Drafting of the article: A. Upadhyay, A. Earley, J.L. Lamont, C. Wanner, E.M. Balk.

Critical revision of the article for important intellectual content: A. Upadhyay, A. Earley, S. Haynes, C. Wanner, E.M. Balk.

Final approval of the article: A. Upadhyay, A. Earley, J.L. Lamont, S. Haynes, C. Wanner, E.M. Balk.

Statistical expertise: E.M. Balk.

Administrative, technical, or logistic support: A. Upadhyay, J.L. Lamont.

Collection and assembly of data: A. Upadhyay, A. Earley, J.L. Lamont, S. Haynes.


Ann Intern Med. 2012;157(4):251-262. doi:10.7326/0003-4819-157-4-201208210-00005
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Background: Lipid-lowering therapy is not widely used in persons with chronic kidney disease (CKD) despite a high burden of dyslipidemia and cardiovascular disease in this population.

Purpose: To synthesize evidence examining the effect of lipid-lowering therapy on clinical outcomes in persons with CKD.

Data Sources: MEDLINE, the Cochrane Central Register of Controlled Trials, and the Cochrane Database of Systematic Reviews from January 2000 through November 2011.

Study Selection: Randomized, controlled trials (RCTs) comparing lipid-lowering therapy with control treatment in persons with CKD, including subgroup analyses of trials in the general population.

Data Extraction: Abstracts were screened and data were extracted on study methodology, population, interventions, cardiovascular and kidney outcomes, and adverse events. Data were extracted by one author and confirmed by another. Study quality was determined by consensus. Random-effects model meta-analyses were performed.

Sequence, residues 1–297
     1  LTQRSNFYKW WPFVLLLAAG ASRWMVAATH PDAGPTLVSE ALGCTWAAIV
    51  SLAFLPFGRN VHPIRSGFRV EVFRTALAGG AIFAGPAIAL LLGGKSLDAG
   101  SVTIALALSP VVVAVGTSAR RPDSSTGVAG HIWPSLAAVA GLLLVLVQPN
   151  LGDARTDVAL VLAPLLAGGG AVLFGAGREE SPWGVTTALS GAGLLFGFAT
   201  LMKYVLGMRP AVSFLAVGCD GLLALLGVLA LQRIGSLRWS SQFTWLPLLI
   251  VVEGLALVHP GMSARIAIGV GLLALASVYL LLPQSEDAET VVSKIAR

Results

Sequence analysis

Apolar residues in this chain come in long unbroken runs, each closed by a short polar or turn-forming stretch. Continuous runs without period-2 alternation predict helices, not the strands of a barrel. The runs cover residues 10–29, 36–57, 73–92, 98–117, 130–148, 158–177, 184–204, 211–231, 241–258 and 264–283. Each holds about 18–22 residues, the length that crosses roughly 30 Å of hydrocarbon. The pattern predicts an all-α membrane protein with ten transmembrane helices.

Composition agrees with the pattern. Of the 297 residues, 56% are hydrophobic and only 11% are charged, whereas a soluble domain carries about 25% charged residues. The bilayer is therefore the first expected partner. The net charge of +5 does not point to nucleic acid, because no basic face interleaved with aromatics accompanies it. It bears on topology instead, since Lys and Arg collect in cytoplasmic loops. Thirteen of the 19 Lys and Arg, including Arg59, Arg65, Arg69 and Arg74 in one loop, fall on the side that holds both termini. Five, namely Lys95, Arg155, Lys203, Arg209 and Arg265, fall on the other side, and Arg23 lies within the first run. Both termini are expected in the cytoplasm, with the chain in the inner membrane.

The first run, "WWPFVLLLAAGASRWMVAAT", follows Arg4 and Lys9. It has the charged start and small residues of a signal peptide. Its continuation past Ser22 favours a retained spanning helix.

Data Synthesis: 18 RCTs, all in adults, met the eligibility criteria. Five RCTs involved CKD populations, and 13 were CKD subgroup analyses from trials in the general population. Sixteen RCTs examined statins, and 2 examined statins plus ezetimibe. Lipid-lowering therapy does not improve kidney outcomes but decreases the risk for cardiac mortality (pooled risk ratio [RR] from 6 trials, 0.82 [95% CI, 0.74 to 0.91]; P < 0.001), cardiovascular events (including revascularization) (pooled RR from 9 trials, 0.78 [CI, 0.71 to 0.86]; P < 0.001), and myocardial infarction (pooled RR from 9 trials, 0.74 [CI, 0.67 to 0.81]; P < 0.001). Significant benefit was also seen for all-cause mortality but was limited by a high degree of heterogeneity. No benefit was found for other cardiovascular outcomes. Rates of adverse events were similar between intervention and comparator groups.